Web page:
In an 8-0 vote Monday, the Seattle City Council approved agreements with the City of Seattle that allow redevelopment of Key Arena to move forward. Under city agreements, the Seattle Times reports, necessary demolition can start after a National Hockey League (NHL) franchise is secured, which could be later this year.
Arena Co, the team renovating Key Arena in the hopes of courting an NBA or NHL team (Key Arena is already home to three-time WNBA champions the Seattle Storm), announced a full, $700 million renovation plan this past summer. Skanska, a developer that’s currently building a tower at Second and University, and AECOM Hunt will be completing the work, which involves increasing the stadium’s capacity and decreasing its environmental footprint while keeping its iconic roof.
Arena Co is led by Oak View Group (OVG), which was selected to renovate the arena last year.
The work will be done by digging below the surface to expand the stadium’s square footage and capacity, but leaving the exterior appearance untouched. When it’s all done, the arena will a 17,400-person capacity for hockey and a 18,600-person capacity for basketball, plus 750,000 square feet of interior space.
The project was originally slated to cost $600 million, paid for by OVG and private equity, but some additional project upgrades, like dedicated locker rooms for theoretical future NHL and NBA teams and the Seattle Storm WNBA team, who already call Key Arena home.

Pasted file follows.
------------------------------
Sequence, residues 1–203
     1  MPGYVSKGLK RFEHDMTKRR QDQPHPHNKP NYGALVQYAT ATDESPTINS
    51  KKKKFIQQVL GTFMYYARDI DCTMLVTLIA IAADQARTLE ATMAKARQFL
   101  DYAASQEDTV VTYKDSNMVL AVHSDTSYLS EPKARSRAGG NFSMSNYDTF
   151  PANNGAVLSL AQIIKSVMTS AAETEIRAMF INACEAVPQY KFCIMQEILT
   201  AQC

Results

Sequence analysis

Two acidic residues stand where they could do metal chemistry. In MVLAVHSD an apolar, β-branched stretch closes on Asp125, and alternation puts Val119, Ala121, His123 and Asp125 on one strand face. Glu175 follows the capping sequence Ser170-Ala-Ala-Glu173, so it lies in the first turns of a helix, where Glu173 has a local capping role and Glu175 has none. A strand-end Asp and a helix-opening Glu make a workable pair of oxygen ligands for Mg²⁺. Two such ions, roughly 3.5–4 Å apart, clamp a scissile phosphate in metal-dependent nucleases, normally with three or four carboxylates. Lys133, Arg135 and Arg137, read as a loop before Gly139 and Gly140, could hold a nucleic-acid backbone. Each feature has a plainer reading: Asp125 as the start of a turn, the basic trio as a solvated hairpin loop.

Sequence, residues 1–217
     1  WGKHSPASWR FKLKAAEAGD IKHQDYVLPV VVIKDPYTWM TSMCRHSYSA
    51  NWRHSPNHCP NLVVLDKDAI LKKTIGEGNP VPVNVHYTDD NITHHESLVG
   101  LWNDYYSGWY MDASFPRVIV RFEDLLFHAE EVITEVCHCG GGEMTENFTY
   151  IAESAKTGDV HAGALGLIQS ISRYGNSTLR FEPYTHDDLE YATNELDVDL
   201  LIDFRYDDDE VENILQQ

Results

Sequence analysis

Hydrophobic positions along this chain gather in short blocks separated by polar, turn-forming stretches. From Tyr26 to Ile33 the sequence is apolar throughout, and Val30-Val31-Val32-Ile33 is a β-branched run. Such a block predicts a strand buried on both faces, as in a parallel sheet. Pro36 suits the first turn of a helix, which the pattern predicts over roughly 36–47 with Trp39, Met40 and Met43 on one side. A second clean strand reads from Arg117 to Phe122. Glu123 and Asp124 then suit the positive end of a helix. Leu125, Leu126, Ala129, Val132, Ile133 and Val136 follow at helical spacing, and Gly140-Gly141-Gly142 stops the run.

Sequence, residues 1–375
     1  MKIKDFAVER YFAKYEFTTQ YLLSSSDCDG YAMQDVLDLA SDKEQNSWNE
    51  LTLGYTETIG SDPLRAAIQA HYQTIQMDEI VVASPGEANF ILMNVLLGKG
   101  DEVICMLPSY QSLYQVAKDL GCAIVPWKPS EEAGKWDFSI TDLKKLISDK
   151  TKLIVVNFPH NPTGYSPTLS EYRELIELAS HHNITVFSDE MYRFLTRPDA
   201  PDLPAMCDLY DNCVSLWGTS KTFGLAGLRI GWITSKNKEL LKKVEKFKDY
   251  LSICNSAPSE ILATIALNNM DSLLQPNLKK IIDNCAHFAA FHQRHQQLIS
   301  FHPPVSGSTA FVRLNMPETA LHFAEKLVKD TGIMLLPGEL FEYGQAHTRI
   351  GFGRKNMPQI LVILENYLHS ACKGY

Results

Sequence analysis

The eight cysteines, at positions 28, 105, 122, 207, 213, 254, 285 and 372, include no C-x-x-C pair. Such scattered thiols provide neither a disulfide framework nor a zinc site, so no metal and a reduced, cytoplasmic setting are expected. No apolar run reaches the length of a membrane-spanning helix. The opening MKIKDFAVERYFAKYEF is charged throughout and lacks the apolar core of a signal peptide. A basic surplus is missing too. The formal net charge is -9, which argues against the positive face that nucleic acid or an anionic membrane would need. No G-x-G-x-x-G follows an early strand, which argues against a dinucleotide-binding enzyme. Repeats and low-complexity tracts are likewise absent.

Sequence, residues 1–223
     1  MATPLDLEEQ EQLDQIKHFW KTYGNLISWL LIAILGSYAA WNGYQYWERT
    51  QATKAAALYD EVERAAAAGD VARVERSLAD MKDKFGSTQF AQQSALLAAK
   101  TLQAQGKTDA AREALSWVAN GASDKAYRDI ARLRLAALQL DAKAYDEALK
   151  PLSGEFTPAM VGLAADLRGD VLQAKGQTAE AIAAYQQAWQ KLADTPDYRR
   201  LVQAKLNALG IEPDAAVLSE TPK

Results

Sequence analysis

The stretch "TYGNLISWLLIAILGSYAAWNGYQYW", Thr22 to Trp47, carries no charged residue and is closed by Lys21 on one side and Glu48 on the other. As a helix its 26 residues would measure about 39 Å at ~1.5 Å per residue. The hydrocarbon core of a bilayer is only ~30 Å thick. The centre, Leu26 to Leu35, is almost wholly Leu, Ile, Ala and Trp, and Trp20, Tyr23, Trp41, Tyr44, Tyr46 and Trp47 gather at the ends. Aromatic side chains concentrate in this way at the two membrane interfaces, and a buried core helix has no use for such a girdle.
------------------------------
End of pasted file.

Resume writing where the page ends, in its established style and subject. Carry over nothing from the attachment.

The building also includes a Space Needle view club.
Under the agreement, Arena Co will pay the City of Seattle a minimum of $5 million a year, which is around the city’s current revenue from the arena, the Seattle Times reports. Revenue beyond that will be split between the group and the city. The city will also have 14 rent-free days to use the arena, including for a four-day free medical clinic and for Bumbershoot.
The arena group’s initial lease will be for 39 years, with options for extensions.
An NHL team is expected to come along with the newly renovated stadium—33,000 people have already put down season-ticket deposits, and a team of investors is meeting with the NHL Board of Governors on October 2—but an NBA team is a little farther off. Still, the new Key Arena will host what the old one already does: Seattle Storm games and concerts.
The stadium could open in 2020.